“Rather than protect the investigator, senior Thai police are now considering charging him with criminal defamation,” the letter notes, an action that is frequently used to silence critics. The Thai Navy famously sued two journalists for criminal defamation and violating the Computer Crimes Act simply because they reproduced portions of an article by Reuters alleging naval forces’ involvement in trafficking.
International pressure resulted in their acquittal, although public prosecutors successfully applied for several extensions requesting more time for the Royal Thai Navy to appeal the acquittal, with no notice to the defendants. Witnesses in human trafficking prosecutions against government officials have also been harassed and threatened without the perpetrators facing serious consequences.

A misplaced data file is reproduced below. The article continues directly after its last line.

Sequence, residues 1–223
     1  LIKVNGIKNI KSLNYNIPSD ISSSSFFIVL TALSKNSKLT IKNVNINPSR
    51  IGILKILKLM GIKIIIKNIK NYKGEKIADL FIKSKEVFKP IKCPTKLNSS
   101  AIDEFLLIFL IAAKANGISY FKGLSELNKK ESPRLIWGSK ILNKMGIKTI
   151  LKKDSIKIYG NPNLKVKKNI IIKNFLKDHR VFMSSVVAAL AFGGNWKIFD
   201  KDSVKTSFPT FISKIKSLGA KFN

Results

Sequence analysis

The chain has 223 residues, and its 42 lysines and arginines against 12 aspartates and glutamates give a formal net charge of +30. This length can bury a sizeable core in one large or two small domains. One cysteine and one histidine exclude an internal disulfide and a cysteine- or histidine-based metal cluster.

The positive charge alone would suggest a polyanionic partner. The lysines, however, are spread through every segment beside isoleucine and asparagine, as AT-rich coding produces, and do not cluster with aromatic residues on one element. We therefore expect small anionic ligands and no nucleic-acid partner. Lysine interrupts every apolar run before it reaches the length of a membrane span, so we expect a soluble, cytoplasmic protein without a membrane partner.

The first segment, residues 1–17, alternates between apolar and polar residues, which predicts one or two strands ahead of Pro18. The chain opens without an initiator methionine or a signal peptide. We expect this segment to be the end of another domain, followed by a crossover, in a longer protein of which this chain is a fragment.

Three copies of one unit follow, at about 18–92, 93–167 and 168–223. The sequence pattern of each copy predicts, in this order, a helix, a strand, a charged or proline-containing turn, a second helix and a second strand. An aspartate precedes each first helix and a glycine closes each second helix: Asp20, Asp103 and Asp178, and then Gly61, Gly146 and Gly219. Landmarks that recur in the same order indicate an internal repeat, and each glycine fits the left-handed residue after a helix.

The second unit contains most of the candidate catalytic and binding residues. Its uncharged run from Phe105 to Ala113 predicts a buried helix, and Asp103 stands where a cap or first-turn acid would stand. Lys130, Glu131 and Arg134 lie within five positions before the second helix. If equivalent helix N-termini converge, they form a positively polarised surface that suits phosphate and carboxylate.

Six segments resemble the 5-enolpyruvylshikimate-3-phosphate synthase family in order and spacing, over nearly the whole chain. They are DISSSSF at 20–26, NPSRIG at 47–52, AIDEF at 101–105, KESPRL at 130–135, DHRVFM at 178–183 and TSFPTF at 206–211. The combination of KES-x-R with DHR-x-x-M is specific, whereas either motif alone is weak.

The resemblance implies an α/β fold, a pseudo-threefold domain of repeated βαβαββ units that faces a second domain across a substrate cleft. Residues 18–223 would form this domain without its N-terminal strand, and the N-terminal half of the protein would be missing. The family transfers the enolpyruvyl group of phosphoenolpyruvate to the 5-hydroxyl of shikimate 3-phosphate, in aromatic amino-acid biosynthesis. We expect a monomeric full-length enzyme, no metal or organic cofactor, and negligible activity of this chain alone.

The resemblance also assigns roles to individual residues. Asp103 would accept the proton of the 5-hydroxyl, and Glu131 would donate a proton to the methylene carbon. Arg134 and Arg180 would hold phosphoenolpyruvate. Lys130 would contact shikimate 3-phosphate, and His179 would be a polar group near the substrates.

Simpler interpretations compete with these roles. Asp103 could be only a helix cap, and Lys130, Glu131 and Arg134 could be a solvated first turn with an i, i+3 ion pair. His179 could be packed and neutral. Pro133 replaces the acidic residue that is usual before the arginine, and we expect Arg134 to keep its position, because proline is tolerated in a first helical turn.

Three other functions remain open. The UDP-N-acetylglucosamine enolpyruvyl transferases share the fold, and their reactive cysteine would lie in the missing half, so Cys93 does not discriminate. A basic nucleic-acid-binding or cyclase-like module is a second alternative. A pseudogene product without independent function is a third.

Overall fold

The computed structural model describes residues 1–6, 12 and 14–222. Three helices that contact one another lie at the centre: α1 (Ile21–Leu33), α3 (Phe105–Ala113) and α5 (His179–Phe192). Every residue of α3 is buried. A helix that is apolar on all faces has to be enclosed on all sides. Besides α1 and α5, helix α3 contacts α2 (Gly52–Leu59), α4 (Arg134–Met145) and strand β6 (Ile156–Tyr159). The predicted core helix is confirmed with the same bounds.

In addition, Thailand has done very little to change legal structures that govern the rights of migrant workers that must be addressed to make anti-trafficking efforts viable and sustainable. Thailand’s current push to register migrant fishers is similar to previous migrant registration efforts in that it provides temporary working documents but still falls short in fixing the complex, expensive registration system that makes workers vulnerable to abuse and exploitation by labour brokers.
“The European Union cannot be confident that Thailand has sufficiently addressed illegalities in its seafood sector, including forced labor and human trafficking, until the government of Thailand demonstrates sustained enforcement and meaningful results,” the letter concludes. “Thailand should demonstrate the political will and enforcement capacity required to investigate and uncover egregious human rights violations in seafood production, prosecute perpetrators, ensure protection of human rights defenders and journalists from judicial and other harassment. Migrant workers must be prevented from further abuses by recognizing their right to freedom of association and improving the systems that govern how they find employment, maintain legal working status and access justice.”